[ exact phrase in "" • results by date ]

[ Google-powered • results by relevance ]


News Home

Subscribe to RSS feed

Add NWW headlines to your site (click here)

Sign up for daily updates

Keep Wind Watch online and independent!

Donate $10

Donate $5

Selected Documents

All Documents

Research Links


Press Releases


Publications & Products

Photos & Graphics


Allied Groups

Windmills are a hurdle in Spanish utility’s bid to buy NYSEG  

New York State Electric and Gas, which provides electricity to customers in several towns in the northeastern Adirondacks, may soon be owned by a Spanish power company if a deal can be reached with the state Public Service Commission.

NYSEG, which is based in Binghamton and provides electricity and gas to Jay, Wilmington and AuSable Forks as well as much of Clinton County, is a subsidiary of Energy East, a Portland, Maine-based company. Iberdrola, a Madrid, Spain-based utility provider, agreed to purchase Energy East last June for $8.4 billion. Federal regulators have approved the merger, as have regulators in New Hampshire, Maine, Massachusetts and Connecticut, the other four states where Energy East operates, but the PSC is withholding approval until Iberdrola divests itself of all wind holdings in the state and agrees not to invest in any more.

“The PSC says it would prevent other wind developers from moving forward with projects, and also that it wouldn’t allow other wind developers to connect to their lines,” U.S. Sen. Charles Schumer, D-N.Y., said last week. “This is absolutely absurd. The PSC has not offered a shred of evidence to support this claim.”

Iberdrola’s case will be going before the PSC this summer. PSC spokesman James Denn told the Rochester Democrat and Chronicle last week that negotiations between the company and the commission are continuing and that PSC is trying to ensure no one company can monopolize the wind energy market in the state.

“If a company can control both the generation and the distribution of electricity, they have an opportunity to exert a greater influence on the market than you might want them to,” Denn said.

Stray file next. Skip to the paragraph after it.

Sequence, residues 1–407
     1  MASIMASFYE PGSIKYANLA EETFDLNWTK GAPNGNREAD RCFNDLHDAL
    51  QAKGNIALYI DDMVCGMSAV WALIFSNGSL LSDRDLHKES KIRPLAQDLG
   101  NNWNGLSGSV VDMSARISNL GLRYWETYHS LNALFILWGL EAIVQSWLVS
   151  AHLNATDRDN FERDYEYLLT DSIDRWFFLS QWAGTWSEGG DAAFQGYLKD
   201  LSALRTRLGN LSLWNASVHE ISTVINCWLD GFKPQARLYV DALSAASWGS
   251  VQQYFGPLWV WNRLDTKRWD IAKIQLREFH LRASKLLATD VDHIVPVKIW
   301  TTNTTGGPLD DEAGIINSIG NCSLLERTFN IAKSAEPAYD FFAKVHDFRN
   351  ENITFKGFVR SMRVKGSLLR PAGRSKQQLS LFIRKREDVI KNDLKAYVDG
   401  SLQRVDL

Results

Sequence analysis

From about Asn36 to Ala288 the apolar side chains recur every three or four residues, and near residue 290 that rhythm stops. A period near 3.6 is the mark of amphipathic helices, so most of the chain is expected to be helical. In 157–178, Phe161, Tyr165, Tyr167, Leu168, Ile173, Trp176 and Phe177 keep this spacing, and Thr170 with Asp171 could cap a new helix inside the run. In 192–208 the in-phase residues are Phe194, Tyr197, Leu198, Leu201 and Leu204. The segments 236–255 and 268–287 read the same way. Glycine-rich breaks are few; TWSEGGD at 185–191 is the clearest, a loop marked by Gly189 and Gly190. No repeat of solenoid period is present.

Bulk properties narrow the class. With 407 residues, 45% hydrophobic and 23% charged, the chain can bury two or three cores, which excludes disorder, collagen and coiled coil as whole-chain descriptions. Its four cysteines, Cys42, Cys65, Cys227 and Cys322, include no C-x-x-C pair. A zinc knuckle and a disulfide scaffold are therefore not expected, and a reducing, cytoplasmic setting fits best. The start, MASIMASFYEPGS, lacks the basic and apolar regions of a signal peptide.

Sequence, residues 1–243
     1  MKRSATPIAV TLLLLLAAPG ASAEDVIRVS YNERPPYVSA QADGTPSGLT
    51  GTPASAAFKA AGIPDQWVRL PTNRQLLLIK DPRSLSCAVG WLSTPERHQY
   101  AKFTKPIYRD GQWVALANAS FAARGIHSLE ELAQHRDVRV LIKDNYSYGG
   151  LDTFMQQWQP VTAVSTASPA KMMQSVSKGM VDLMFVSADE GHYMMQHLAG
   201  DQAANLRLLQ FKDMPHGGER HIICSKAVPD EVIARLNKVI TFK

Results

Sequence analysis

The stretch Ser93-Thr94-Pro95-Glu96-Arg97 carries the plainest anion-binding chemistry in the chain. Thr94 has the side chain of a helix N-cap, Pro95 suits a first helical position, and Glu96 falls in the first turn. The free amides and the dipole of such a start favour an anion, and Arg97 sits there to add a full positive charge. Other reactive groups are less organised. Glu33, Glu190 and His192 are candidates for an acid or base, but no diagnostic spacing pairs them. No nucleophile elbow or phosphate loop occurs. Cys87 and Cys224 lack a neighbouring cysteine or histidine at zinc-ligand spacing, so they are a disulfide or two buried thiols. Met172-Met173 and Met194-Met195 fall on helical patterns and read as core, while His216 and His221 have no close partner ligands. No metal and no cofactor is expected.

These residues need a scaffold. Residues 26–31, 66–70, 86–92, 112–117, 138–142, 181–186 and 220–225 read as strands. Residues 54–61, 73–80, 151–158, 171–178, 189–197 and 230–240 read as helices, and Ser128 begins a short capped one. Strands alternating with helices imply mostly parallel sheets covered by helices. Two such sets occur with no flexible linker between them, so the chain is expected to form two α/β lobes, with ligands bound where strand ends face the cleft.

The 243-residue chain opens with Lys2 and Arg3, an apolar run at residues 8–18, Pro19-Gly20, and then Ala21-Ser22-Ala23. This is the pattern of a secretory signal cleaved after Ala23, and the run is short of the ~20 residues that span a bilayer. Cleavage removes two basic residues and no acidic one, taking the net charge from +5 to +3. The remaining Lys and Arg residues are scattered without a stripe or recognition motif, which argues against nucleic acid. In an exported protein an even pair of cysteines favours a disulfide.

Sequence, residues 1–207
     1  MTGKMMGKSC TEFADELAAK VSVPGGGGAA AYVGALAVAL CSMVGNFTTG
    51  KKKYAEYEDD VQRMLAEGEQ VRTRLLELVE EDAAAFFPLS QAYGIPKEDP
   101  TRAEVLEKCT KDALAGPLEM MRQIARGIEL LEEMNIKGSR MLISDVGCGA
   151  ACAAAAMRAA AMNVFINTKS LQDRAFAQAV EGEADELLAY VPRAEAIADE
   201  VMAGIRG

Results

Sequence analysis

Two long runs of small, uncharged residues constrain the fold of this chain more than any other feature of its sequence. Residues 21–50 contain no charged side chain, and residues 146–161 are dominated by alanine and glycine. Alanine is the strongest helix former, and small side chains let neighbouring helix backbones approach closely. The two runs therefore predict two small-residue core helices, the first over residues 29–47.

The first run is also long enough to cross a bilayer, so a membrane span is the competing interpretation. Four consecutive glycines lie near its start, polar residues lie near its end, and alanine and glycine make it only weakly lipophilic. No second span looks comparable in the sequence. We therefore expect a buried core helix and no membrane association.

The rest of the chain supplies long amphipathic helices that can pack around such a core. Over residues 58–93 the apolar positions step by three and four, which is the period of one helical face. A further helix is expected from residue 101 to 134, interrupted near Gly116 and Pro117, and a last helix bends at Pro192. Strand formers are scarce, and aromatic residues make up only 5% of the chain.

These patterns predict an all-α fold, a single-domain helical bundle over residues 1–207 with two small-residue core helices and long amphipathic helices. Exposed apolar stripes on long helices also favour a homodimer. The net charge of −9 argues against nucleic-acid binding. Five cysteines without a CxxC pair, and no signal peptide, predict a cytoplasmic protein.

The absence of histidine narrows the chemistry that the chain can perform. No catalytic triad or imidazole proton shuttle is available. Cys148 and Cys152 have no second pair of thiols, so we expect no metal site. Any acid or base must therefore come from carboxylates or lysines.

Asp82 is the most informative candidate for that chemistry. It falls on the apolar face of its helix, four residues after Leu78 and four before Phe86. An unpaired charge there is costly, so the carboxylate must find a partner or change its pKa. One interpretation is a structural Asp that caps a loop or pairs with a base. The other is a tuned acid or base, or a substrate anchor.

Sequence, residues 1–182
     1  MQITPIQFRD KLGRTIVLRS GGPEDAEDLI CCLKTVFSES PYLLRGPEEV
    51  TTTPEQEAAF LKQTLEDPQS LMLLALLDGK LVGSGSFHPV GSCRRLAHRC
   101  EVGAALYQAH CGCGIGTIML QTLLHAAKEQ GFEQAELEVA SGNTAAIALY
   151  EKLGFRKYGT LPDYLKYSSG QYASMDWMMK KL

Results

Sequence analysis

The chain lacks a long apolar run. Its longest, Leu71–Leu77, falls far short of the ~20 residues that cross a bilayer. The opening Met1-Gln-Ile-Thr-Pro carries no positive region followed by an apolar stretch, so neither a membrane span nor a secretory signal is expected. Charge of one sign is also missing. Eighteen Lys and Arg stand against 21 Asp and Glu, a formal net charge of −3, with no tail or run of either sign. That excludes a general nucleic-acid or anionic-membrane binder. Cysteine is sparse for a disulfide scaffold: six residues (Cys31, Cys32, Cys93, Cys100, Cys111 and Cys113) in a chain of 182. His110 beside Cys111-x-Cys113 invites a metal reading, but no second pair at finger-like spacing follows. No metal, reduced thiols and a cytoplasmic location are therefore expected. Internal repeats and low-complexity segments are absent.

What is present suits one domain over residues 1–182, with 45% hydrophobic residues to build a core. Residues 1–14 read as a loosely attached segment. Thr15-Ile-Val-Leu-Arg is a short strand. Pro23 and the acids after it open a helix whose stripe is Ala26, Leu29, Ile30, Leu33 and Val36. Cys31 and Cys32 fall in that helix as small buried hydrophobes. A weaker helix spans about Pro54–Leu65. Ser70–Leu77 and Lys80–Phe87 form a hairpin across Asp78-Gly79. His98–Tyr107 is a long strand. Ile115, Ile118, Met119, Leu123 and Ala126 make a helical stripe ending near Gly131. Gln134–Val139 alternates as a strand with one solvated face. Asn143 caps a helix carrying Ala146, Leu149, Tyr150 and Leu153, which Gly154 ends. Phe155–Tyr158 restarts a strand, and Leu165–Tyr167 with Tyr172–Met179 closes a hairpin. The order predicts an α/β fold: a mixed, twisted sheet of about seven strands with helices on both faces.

Schumer said existing regulatory safeguards should be adequate to ensure Iberdrola doesn’t break the law.

“If the PSC is so inept at finding illegal actions by utilities, they ought to fold up shop themselves,” Schumer said.

The PSC has also said Iberdrola should create a $664 million trust fund to cover unforeseen increases in utility prices so consumers’ rates don’t go up. The company has agreed to a $200 million trust fund so far.

“I don’t think it’s high enough, but it’s a good start,” Schumer said.

Iberdrola is one of the leading producers of wind power in Europe. It already holds a 50 percent stake in the Maple Ridge Wind Farm in Lewis County, and it owns the Roaring Brook Wind Farm in Lewis County and the Horse Creek Wind Farm in Jefferson County. It has several wind farms in Pennsylvania, and it has signed deals to develop wind power in Massachusetts and Connecticut.

“Particularly with fossil fuel prices going up, wind power offers real environmental and economic benefits,” Schumer said. “The PSC is standing on its head. It’s upside down; it’s inside out. They should be encouraging Iberdrola to use wind power.”

Schumer said the Maple Ridge Wind Farm, which opened in 2007, pays $8 million per year in property taxes, pays $1.56 million to local property owners and has created 159 new jobs. Schumer said New York greatly underutilizes wind power, currently using only 411 megawatts of the grid’s 7,000 megawatt capacity.

By Nathan Brown
Enterprise Staff Writer

Adirondack Daily Enterprise

5 May 2008

This article is the work of the source indicated. Any opinions expressed in it are not necessarily those of National Wind Watch.

The copyright of this article resides with the author or publisher indicated. As part of its noncommercial effort to present the environmental, social, scientific, and economic issues of large-scale wind power development to a global audience seeking such information, National Wind Watch endeavors to observe “fair use” as provided for in section 107 of U.S. Copyright Law and similar “fair dealing” provisions of the copyright laws of other nations. Send requests to excerpt, general inquiries, and comments via e-mail.

Wind Watch relies entirely
on User Funding
Donate $5 PayPal Donate


News Watch Home

Get the Facts Follow Wind Watch on Twitter

Wind Watch on Facebook


© National Wind Watch, Inc.
Use of copyrighted material adheres to Fair Use.
"Wind Watch" is a registered trademark.